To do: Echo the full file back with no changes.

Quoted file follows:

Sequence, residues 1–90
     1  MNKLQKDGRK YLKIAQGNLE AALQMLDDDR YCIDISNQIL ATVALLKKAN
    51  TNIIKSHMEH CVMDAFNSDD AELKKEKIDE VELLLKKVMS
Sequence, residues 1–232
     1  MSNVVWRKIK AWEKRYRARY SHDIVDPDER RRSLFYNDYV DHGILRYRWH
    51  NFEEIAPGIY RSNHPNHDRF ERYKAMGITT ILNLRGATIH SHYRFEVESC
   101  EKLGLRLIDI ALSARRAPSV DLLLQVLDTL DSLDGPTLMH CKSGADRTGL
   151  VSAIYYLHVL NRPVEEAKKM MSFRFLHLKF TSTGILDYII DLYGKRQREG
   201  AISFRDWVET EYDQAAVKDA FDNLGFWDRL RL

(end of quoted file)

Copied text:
Sequence, residues 1–90
     1  MNKLQKDGRK YLKIAQGNLE AALQMLDDDR YCIDISNQIL ATVALLKKAN
    51  TNIIKSHMEH CVMDAFNSDD AELKKEKIDE VELLLKKVMS
Sequence, residues 1–232
     1  MSNVVWRKIK AWEKRYRARY SHDIVDPDER RRSLFYNDYV DHGILRYRWH
    51  NFEEIAPGIY RSNHPNHDRF ERYKAMGITT ILNLRGATIH SHYRFEVESC
   101  EKLGLRLIDI ALSARRAPSV DLLLQVLDTL DSLDGPTLMH CKSGADRTGL
   151  VSAIYYLHVL NRPVEEAKKM MSFRFLHLKF TSTGILDYII DLYGKRQREG
   201  AISFRDWVET EYDQAAVKDA FDNLGFWDRL RL